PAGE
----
|3 year||5 / 5||5 / 5||5 / 5|
|5 year||5 / 5||5 / 5||5 / 5|
|10 year||5 / 5||5 / 5||5 / 5|
|Overall||5 / 5||5 / 5||5 / 5|
(ratings as of 12/31/2019)
In general, Lipper’s equity-income group is the home of many of the industry’s ETFs and funds with the best long-term risk-adjusted rewards. That seems to be driven by the fact that equity-income funds invest a lot in dividend-paying firms which are often less sexy, less volatile, more seasoned and more stable than average.
Here is the 20-year performance of FAMEX against a strong peer group.
|20-year equity-income group average||FAMEX||Rank|
|Total return||7.0%||9.7%||#1 of 44 funds|
|36-month rolling average||7.5||8.9%||#6|
|Bear market dev||11.1||7.9||#12|
|Down month dev||11.9||8.5||#12|
Here’s how to read that chart. The fund has returned, on average, 9.7% annually over the past 20 years. That’s the best in its class. It beat its peer group in 57% of all months over the past 20 years, which we take as a measure of its consistency and which is #2 in its group. The 36-month rolling average looks at every 36 month period for the last 20 years and calculates the average return you might expect if you held the fund for three years; FAM averages 8.9% annually, measured over 205 36-month rolling periods.
The next four entries are risk-return measures. Martin is the most risk-averse of the three, then Sortino and then the widely used Sharpe ratio. In each case, it’s a top-five fund. Capture ratio simply divides the percentage of the market’s downside captured by the percentage of the upside captured. So if you fall 0.66% when the market falls 1.0%, you’ve got a downside capture of 0.66. If you rise 0.9 when it rises 1.0, you’re at 0.9 on the upside. 0.9 on the upside divided by 0.66 on the downside gives you a capture ratio of 1.36. In general, any capture ratio above 1.0 means you’re winning, and FAMEX is the second-best capture ratio in its group.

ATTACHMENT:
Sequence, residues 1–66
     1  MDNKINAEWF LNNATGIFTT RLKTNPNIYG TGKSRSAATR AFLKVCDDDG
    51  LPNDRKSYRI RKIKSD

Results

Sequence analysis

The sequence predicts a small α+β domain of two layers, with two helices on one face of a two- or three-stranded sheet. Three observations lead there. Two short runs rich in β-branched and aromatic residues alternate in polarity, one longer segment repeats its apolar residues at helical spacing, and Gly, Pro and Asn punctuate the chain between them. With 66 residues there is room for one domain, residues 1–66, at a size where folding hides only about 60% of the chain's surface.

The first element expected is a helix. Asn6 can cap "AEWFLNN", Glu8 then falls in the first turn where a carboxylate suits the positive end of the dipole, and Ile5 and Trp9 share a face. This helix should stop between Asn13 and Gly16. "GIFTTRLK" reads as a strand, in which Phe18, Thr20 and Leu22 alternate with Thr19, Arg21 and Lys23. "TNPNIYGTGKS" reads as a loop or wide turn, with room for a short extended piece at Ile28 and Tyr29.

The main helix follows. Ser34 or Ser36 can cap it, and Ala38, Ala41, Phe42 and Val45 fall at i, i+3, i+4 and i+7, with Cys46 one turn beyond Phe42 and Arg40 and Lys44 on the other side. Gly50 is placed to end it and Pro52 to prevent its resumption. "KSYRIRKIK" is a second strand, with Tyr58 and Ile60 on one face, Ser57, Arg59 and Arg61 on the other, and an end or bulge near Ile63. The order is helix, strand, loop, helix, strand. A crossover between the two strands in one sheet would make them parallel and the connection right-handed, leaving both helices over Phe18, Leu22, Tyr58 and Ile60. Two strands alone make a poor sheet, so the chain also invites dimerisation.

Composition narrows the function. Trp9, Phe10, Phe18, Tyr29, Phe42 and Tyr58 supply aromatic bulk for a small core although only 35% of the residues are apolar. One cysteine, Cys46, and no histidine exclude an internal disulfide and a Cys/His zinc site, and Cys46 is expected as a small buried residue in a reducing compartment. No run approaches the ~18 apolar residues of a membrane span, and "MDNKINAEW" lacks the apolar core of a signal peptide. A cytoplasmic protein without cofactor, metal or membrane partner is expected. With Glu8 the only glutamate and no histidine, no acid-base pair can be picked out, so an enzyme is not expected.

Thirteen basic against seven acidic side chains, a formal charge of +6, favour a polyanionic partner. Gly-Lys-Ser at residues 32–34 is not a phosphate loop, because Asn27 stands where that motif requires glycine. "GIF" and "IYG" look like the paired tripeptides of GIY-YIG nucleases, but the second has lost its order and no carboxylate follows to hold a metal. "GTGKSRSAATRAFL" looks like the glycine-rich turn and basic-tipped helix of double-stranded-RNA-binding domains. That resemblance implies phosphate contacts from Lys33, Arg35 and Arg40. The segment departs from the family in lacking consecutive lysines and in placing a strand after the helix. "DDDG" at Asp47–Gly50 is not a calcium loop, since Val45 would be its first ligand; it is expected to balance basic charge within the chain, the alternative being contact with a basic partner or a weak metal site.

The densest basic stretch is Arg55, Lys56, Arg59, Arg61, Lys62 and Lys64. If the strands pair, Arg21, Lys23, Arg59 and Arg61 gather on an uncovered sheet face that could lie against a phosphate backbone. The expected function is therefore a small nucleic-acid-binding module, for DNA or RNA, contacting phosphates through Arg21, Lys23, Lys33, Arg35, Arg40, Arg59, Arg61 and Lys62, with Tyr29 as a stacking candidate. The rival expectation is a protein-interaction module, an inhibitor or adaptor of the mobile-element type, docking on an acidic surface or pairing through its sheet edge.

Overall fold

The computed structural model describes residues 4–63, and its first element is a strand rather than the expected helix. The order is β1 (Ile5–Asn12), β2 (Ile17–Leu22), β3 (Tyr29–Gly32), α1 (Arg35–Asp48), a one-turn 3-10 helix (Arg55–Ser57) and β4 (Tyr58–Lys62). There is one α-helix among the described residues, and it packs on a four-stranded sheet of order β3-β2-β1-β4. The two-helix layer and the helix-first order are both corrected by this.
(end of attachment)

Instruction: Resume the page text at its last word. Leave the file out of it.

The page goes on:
The final set of calculations show how the fund performed on three measures of downside performance: downside deviation which measures “day-t0-day” downside, down month deviation measures downside in any month where the market was even a little bit negative and bear month deviation measures performance when the market fell 3% or more. In each case, FAMEX was 12th of 44 funds.
What do they do?
Everything above answers the question, how do they do? The more fundamental question is “what do they do” since that explains both their performance and their potential relevance to your portfolio.
Here’s the secret strategy: “The Dividend Focus Fund invests primarily in dividend-paying, mid-cap companies that have a history of consistently growing their dividend over time.”
It’s a low turnover strategy where the managers have learned to let their winners run a bit, but where they’re also pretty quick to eliminate firms whose prospects have fallen.
Hmmm … typically 30-4o stocks. Almost all domiciled in the US. About three times likelier to have a defensible “wide moat” than the average fund in its Morningstar mid-cap peer group. Also better financial health, higher returns on capital, greater growth and stronger profits than its Morningstar peers.
There’s a lot to like here. Three things stand out:
- a consistent and understandable investment discipline: it’s been 45 years of “buy stock in quality companies with strong financials run by superb management teams at prices below what we estimate the businesses are worth.”
- an extraordinarily stable management team: both guys have been on board since inception, 23 years ago.
- extraordinary levels of insider ownership: the research unequivocal, it’s really good when the manager’s money is invested alongside yours and it’s even better when his boss’s money is invested alongside yours. (It turns out that the prospect of losing your boss’s or your mother-in-law’s money wonderfully focuses the mind and instills prudence.) The ownership among members of the board of trustees is very high, which is rare.
That’s translated to exceptional returns, delivered by extra-ordinary consistency and exemplary caution. Given especially the rich and accessible writing provided by the adviser, conservative equity investors owe it to themselves to look closer.
FAM Funds. It’s a very clean, well-designed website with a lot of approachable content. By “approachable,” I mean that it’s more about the people and the process than about providing reams of obscure stats and “mountain charts.” I’d commend, especially, Lewis Braham’s very fine piece from the December 4, 2019 issue of Barron’s, “This fund manager has beaten 99% of his peers. Here’s how he picks winning dividend stocks.”